a hybrid sweater.


I am so excited this is done …

Have you ever knit those projects that kind of fly off your needles and once it is finished, you sort of forget about them? This was one of those projects but for an odd reason. I knit it twice. When I finished it the second time, it was anti-climatic because oh wait a moment, it fits and looks exactly like the first one.


For those who’ve been following me for a while, you know what happened to the first one but for those new to my blog, the first Hyannis Port died a horrific felted death. I actually cried. I have never cried over my knitting before* and it took me a while to want to knit this again.

*My husband, who is very wise, thinks I was so upset because I was so tired the particular week it happened.


On one hand, I am really happy with this sweater. On the other hand, I’m no sure. There are a few things I would change and am contemplating doing so. One is the turtleneck – I don’t think it’s long enough. It needs about 2” more to make it perfect and for the amount of work that would take? I think it would be worthwhile. Would I wear it more? I don’t know. Second, I wish it were a wee bit longer. I am tempted (before changing the turtleneck) to re-wash this and allow it to hang when about 80% dry to see if it’ll just stretch enough to make me happy.


Pattern :: Catboat by Amy Herzog // Hyannis Port Pullover by Cecily Glowik McDonald

Yarn :: Valley Yarns Amherst (100% Superfine Merino) in colourway Balsam

Needles :: 4.5mm for body/sleeves/first half of turtleneck, 5.00mm second half of turtleneck


The Custom Fit software, for those who haven’t tried it, is really wonderful. With the new upgrades, it is even easier (and even more universal) to use. I find I obtain a good fit using the software. I feel, after taking Amy’s Craftsy class and using the software a few times now, that I can probably do it myself now but having the math done for you is really nice. Particularly with the armscye depth measurements. I have a body type that actually fits raglans quite nicely but there’s nothing like a set-in sleeve for fit and polish.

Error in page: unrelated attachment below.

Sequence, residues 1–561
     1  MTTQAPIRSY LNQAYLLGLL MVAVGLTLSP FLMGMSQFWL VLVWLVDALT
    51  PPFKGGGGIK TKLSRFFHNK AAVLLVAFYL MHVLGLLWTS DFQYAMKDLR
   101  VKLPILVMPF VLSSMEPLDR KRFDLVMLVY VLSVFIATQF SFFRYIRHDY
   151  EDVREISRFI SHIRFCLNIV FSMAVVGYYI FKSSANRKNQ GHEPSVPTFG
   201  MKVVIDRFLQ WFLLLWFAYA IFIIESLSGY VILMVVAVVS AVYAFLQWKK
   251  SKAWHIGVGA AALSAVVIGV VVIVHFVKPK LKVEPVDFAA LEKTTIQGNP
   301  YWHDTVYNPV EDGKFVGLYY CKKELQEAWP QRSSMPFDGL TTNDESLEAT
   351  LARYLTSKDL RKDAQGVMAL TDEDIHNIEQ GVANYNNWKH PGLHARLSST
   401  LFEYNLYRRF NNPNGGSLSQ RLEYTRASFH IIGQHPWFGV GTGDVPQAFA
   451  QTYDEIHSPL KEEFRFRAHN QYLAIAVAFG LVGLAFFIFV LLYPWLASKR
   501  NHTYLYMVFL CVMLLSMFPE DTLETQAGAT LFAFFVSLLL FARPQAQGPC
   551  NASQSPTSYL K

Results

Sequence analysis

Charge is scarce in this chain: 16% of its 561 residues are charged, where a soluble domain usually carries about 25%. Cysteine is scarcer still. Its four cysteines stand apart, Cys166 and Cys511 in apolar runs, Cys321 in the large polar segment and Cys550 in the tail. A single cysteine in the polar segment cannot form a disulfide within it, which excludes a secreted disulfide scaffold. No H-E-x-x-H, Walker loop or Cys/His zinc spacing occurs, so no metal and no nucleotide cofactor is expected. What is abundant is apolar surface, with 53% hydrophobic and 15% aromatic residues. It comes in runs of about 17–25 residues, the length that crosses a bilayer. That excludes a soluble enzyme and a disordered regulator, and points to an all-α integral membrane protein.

I chose a ‘close fit’ for this pattern and while the arms are a wee bit snug, the rest of the sweater fits perfectly. I have a long torso, so I knit to 17” from cast on to armhole but if I were to do this again (I would be a sucker to want to knit this a third time but you never know!), I would knit to 19” long. I just like my clothing longer.


Overall, I’m really happy with the pattern and chart from Cecily’s pullover, which just made this for me. I wrote about my inspiration for this project here. What I really love about this sweater, though, is that I can also wear it with my new shawl!


Hyannis Port // Custom Fit Hybrid & Stories from Snoqualmie Valley shawl.

Do you combine patterns to create objects you really love? I’d love to hear about your process for doing so.

Join the Conversation

  1. This is gorgeous and fits you perfectly, Rachel! I love the mash-up. I’ve never thought to combine two patterns before like this (well, not sweater patterns, anyway), but it’s a brilliant idea. I have yet to try Custom Fit and would like to, although the ladies at my LYS tell me that because non-CF patterns generally fit me okay I probably don’t need to. I still like the idea of a pattern generated specifically for you and your body, though.

    1. Thanks Paula! Happy new year to you!!!

    2. Thanks Sarah! I love mixing up patterns because you get exactly what you want. I have an hourglass shape and so my shoulders and hips are the same which us really helpful because patterns generally fit well. I find with Custom Fit, I get just that little bit extra in terms of great fit. It’s definitely something to try then use that template going forward, instead of constantly buying another Custom Fit pattern since they are so expensive!! :)

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